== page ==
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Circumstantial Shakespeare$
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Lorna Hutson

Print publication date: 2015

Print ISBN-13: 9780199657100

Published to Oxford Scholarship Online: October 2015

DOI: 10.1093/acprof:oso/9780199657100.001.0001

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‘Quando?’ (When?) in Romeo and Juliet

‘Quando?’ (When?) in Romeo and Juliet

Chapter:
(p.36) 1.Quando?’ (When?) in Romeo and Juliet
Source:
Circumstantial Shakespeare
Author(s):

Lorna Hutson

Publisher:
Oxford University Press
DOI:10.1093/acprof:oso/9780199657100.003.0002

This chapter shows how belief in the autonomy and depth (or plenitude) of Shakespearean character has been inseparable from an assumption that Shakespeare’s plots are relatively informal, merely following the order of events as given in his source texts. The chapter shows how this belief has lasted from the eighteenth century (Samuel Johnson, Charlotte Lennox) to the present. It has survived the ‘unediting’ deconstruction of ‘Authentic Shakespeare’. The chapter analyses the plot of Romeo and Juliet, showing that Shakespeare does not merely follow his sources (Boaistuau and Arthur Brooke) but rather identifies a key circumstantial topic of argument—the question of Time, of whether the time is ripe for Juliet’s marriage—and goes on to build dialogue, scenes, and action around this question. A circumstantial question thus implies an offstage world and helps create our sense of Juliet’s ‘unconscious’ and of adolescent ‘sexuality’.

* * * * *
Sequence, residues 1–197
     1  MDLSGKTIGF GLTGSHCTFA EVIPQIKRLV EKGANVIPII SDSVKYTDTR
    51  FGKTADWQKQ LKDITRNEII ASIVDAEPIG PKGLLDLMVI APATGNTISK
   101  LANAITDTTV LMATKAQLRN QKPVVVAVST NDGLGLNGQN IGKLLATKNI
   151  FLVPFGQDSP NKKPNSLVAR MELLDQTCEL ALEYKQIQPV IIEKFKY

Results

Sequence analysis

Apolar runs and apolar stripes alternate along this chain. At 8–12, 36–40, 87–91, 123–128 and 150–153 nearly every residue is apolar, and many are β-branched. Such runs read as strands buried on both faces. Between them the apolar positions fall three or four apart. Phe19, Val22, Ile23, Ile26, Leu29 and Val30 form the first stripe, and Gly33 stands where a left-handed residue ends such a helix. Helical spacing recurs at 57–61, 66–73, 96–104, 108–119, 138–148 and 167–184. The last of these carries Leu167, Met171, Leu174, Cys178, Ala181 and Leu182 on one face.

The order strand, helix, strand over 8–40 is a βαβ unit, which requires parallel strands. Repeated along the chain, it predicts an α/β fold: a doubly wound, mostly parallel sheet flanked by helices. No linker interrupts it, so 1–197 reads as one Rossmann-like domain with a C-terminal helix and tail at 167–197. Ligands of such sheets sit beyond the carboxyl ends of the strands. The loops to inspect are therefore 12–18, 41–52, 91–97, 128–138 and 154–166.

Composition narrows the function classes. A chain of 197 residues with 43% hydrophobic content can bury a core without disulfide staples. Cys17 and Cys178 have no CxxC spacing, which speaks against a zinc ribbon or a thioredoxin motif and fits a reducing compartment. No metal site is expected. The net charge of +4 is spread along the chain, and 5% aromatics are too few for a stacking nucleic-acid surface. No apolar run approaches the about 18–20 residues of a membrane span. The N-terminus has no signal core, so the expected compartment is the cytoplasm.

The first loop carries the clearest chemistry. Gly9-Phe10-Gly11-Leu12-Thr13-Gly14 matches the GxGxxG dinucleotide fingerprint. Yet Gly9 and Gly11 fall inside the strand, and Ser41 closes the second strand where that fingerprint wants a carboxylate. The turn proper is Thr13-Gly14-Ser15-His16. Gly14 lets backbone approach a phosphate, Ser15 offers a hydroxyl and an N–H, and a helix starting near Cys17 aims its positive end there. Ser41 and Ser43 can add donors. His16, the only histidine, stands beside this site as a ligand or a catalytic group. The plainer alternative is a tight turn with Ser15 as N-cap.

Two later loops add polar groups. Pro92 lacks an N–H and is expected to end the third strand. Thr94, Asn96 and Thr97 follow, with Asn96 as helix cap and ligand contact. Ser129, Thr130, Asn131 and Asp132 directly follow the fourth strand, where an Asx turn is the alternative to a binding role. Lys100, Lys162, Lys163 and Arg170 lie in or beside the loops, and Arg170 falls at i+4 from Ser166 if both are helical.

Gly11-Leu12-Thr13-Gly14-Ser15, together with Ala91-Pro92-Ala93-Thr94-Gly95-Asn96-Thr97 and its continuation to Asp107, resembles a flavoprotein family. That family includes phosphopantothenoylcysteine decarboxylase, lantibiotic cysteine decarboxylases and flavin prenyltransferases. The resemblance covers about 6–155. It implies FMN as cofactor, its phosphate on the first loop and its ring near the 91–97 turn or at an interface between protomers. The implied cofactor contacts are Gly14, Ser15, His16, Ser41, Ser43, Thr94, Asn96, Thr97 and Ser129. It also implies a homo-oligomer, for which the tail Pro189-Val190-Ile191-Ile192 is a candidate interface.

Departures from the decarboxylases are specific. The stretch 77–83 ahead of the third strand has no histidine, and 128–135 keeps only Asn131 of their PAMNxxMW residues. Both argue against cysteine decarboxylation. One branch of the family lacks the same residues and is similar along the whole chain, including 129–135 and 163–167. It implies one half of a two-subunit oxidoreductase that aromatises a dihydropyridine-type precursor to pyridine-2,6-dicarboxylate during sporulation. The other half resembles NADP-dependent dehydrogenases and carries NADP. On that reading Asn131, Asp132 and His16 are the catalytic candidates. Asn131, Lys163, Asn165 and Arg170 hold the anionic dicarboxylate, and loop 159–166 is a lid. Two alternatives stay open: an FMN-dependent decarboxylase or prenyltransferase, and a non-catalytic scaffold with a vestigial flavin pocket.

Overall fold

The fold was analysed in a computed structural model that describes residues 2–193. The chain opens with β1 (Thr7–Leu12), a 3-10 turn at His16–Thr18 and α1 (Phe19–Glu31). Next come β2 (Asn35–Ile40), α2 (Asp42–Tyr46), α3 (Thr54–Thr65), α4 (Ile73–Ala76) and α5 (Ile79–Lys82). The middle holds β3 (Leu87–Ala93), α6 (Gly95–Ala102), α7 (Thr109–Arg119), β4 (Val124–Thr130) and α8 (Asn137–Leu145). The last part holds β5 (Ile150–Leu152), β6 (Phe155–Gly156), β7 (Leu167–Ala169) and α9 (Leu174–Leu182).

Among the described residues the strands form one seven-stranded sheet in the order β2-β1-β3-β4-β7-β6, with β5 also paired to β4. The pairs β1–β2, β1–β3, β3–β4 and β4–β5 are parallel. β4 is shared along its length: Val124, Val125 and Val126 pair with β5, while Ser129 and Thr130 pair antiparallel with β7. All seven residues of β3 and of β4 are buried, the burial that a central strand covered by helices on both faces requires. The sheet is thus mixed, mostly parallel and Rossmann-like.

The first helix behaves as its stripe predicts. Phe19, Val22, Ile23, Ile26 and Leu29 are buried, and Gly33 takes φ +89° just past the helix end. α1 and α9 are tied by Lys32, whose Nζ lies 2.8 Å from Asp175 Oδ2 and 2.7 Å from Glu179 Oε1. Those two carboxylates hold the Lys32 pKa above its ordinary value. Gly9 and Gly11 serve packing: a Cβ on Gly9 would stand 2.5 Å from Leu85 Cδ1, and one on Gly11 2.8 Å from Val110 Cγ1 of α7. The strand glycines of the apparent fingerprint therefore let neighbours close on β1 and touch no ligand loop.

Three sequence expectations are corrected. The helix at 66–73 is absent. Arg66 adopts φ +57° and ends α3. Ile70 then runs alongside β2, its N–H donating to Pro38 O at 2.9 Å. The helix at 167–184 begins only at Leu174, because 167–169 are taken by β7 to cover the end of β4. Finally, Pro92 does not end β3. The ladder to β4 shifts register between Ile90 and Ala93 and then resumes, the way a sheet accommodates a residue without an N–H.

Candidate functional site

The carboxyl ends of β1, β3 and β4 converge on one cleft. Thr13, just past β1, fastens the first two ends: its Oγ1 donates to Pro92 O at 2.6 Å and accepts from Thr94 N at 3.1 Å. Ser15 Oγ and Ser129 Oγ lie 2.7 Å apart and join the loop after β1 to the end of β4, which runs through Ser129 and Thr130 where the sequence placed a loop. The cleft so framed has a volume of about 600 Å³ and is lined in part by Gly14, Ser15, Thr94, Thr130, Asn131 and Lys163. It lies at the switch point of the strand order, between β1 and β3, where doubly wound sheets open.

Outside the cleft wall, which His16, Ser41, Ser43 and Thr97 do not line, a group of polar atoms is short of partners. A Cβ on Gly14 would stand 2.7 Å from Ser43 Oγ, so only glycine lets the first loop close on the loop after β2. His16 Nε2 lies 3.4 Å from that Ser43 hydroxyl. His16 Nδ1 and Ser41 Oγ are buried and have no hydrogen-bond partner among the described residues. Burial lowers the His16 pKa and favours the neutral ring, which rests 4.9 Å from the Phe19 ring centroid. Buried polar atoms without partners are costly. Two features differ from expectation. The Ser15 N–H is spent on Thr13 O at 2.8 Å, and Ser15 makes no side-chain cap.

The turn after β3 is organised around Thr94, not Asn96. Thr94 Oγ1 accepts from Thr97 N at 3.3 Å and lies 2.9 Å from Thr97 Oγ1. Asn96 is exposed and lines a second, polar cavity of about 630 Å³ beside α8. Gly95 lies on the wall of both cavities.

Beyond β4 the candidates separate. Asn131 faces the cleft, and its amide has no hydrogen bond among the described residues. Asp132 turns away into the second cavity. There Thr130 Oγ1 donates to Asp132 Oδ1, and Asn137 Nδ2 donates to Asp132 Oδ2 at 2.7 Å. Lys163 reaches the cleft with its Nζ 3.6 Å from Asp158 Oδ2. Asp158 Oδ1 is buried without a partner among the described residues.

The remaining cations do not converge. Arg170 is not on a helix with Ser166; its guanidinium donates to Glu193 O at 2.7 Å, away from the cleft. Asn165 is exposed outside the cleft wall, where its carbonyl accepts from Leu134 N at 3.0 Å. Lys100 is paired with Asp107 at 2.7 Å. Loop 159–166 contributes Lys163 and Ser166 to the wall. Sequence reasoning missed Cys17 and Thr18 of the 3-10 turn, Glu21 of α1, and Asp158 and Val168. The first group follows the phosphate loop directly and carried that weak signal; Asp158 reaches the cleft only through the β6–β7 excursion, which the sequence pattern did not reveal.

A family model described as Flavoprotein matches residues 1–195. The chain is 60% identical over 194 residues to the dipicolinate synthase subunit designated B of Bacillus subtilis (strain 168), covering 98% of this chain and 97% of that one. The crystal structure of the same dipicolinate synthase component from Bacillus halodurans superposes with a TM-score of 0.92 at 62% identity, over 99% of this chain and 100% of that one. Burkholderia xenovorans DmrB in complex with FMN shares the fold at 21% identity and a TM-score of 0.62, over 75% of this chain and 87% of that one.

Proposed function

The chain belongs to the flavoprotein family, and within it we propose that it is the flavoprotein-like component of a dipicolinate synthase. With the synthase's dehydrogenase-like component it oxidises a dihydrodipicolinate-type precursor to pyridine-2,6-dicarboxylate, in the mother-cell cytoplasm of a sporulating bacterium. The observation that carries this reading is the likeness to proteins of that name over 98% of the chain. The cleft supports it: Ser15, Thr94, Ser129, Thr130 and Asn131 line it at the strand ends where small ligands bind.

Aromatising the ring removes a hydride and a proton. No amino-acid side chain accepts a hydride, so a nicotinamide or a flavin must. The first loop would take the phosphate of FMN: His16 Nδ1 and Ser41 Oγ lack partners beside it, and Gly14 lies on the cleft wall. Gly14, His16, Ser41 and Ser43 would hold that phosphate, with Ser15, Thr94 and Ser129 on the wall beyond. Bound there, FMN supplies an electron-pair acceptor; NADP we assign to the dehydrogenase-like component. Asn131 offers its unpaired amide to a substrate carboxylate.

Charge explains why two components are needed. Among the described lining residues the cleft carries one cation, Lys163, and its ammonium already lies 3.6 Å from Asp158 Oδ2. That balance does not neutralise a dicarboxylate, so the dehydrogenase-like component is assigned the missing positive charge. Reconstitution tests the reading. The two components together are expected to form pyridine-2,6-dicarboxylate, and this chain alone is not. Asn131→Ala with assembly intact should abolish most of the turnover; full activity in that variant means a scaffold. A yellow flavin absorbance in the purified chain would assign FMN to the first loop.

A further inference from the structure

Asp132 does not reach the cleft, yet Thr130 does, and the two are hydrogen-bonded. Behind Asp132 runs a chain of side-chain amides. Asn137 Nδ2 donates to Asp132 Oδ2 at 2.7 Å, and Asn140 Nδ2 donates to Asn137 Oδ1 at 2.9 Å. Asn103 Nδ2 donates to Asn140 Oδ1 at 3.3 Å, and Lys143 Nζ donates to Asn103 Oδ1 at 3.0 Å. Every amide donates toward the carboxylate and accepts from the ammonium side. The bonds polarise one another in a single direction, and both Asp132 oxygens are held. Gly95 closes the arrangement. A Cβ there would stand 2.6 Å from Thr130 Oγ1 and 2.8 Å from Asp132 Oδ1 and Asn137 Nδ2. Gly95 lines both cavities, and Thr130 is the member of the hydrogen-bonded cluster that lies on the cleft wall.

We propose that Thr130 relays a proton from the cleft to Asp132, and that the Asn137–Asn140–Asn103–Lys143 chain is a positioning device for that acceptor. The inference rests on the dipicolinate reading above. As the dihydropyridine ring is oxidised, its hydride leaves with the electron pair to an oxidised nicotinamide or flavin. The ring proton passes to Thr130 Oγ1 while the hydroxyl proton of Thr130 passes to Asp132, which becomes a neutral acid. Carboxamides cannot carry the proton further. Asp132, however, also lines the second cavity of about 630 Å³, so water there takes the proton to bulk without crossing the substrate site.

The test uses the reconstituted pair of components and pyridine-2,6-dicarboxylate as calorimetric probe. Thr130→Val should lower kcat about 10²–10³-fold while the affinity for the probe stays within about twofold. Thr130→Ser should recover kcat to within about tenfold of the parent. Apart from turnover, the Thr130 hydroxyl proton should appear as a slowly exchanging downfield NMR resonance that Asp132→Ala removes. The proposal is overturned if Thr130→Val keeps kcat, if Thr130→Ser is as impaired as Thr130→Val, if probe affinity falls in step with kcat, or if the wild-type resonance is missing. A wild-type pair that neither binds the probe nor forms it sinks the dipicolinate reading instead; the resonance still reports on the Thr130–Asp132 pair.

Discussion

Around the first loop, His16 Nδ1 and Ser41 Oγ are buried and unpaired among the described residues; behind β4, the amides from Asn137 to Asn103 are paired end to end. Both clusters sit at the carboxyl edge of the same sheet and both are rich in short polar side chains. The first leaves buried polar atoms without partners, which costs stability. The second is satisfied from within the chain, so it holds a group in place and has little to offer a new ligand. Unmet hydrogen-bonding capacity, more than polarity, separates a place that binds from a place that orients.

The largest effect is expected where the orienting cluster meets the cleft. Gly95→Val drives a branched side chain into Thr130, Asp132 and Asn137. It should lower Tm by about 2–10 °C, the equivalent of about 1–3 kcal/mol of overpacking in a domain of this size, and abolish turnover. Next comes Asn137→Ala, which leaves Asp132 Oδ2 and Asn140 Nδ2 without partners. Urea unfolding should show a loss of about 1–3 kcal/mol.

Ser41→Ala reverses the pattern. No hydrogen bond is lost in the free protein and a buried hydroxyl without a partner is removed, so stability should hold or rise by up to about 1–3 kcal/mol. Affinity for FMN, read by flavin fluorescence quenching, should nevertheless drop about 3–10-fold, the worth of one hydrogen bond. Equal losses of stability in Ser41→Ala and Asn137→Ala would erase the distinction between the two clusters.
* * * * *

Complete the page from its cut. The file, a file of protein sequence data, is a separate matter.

Keywords:   Romeo and Juliet, Samuel Johnson, Charlotte Lennox, unediting, character, plot, Boaistuau, Arthur Brooke

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